As faculty member Kevin Jordan and his team of historic preservation students transformed two old barns from Glocester, R.I., into the Barn at Roger Williams in the early 1980s – see feature in the Spring 2012 issue of RWU Magazine – the new performing arts center featured a picturesque cupola at its apex, but not the weathervane you might expect to see atop.
The original, it turns out, had been stolen by helicopter in the early 1970s when the barns sat in Glocester. According to Jordan, the age and the scarcity of historic weathervanes prompted a wave of thefts in the late 1960s and ’70s:
“People would rent a helicopter for $200 an hour, head out to rural areas and steal 50, 60, 70 weathervanes at a time. They could be worth anywhere from $5,000 to $50,000 each at the time.”
After the Barn’s debut on campus, Jordan came across an unused weathervane that depicted Metacomet, the Wampanoag sachem who played a major role in King Philip’s War. Jordan and his students repaired it and placed it in the Barn; with helicopter thefts in mind, they took extra care to install a collar below roof level so the weathervane couldn’t be lifted from above.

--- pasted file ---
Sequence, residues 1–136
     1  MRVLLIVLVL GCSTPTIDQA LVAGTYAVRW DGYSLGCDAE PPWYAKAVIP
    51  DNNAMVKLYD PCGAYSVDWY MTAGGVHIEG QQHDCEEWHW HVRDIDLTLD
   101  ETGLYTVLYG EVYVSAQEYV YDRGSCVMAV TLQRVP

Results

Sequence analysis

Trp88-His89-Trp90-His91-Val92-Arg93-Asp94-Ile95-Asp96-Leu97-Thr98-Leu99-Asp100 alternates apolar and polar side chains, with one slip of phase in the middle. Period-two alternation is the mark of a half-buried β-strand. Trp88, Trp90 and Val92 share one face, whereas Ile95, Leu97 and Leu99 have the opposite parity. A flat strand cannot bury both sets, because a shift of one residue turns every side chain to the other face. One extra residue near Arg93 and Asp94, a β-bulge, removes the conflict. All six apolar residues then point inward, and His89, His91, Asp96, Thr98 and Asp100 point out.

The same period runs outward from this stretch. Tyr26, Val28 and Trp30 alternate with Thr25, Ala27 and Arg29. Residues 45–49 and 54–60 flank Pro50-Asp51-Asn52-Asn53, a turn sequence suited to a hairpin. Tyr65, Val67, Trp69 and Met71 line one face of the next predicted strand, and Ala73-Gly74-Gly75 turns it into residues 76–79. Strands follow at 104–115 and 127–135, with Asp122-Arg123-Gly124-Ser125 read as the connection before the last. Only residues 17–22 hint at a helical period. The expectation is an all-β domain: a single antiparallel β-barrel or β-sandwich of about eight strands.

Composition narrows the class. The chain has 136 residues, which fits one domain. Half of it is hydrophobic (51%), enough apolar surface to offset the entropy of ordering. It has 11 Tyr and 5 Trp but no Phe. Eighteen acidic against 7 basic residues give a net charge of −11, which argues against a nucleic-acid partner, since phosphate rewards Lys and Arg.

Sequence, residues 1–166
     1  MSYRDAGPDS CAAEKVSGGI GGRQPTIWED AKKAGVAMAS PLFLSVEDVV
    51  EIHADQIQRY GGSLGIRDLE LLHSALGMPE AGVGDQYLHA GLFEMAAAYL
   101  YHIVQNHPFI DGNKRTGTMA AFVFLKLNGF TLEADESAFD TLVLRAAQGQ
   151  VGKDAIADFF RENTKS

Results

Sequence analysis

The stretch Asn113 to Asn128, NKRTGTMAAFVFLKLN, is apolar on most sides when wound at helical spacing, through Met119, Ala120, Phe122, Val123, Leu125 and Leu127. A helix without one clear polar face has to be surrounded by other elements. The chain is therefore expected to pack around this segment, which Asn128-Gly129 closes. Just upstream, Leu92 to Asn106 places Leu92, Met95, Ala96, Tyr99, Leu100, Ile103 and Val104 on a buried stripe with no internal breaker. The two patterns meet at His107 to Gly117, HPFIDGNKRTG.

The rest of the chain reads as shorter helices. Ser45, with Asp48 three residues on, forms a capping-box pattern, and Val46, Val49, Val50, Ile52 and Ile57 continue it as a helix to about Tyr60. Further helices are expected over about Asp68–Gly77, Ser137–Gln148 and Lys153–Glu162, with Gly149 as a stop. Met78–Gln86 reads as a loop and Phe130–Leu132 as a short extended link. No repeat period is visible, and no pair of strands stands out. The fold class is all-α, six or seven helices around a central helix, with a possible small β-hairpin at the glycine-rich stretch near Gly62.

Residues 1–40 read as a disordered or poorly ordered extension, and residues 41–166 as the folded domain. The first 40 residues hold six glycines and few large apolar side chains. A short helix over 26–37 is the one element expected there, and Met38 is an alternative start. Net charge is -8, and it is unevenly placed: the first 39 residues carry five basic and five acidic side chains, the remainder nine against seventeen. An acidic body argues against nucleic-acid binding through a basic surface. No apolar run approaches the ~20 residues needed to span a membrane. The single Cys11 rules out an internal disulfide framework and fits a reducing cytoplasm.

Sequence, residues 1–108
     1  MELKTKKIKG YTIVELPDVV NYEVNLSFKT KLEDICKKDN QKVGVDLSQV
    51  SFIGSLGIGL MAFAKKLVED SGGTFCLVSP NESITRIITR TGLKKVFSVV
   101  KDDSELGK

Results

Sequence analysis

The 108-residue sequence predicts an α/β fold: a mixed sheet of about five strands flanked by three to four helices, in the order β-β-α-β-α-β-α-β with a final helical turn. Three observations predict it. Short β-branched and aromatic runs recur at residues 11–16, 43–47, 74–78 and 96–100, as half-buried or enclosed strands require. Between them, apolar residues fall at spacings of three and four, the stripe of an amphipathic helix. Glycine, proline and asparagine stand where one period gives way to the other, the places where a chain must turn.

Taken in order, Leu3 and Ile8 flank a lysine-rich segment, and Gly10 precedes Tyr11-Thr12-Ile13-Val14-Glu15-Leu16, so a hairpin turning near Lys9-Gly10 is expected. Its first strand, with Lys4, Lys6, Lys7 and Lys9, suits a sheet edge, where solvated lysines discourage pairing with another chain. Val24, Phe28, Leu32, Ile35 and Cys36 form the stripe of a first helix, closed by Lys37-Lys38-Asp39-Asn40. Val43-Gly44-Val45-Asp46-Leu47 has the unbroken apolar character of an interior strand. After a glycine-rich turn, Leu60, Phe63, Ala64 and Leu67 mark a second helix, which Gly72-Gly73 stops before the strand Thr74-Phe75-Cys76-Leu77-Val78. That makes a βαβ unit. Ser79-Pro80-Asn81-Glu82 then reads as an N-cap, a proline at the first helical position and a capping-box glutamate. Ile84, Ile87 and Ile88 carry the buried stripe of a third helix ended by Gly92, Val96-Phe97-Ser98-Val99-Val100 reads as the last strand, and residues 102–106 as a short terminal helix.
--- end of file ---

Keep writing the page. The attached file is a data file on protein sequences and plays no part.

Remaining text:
Reaction to the weathervane was not universally positive – questions about the appropriateness of its depiction of Metacomet caused a controversy that attracted media attention and with the unexpected exposure, the risk of theft grew. One night in 1987, between midnight and 5 a.m., someone broke into the building, scaled the cupola and stole the weathervane.
“The collar was secured with three different kinds of screws so you couldn’t go up with just one screwdriver,” Jordan says. “So they knew enough to have the right equipment – I don’t know how they got their information, but clearly they were well prepared.”
Jordan worked with a state trooper from upstate New York who had developed a particular expertise in the disappearance of weathervanes. They identified a vehicle type that was reported on campus that evening, but the trooper assured Jordan that the weathervane was long gone.
“Most of them steal the weathervanes for collectors,” Jordan says. “Or they hope that it gets cleansed over time and they can put it on the market again. Every now and again a similar one pops up at an auction, but there are only three of this identical weathervane in existence.”
At this point, it seems unlikely that the weathervane will ever resurface. If it does, however, Jordan will know it’s his – inside the tin weathervane sits a note with the date he installed it in the Barn and information on the repairs his students completed.
“Always leave a note!” he says. “Those of us who work in preservation love to find notes like that when we work on a project today – someday in the future, I know someone will enjoy finding this note, too.”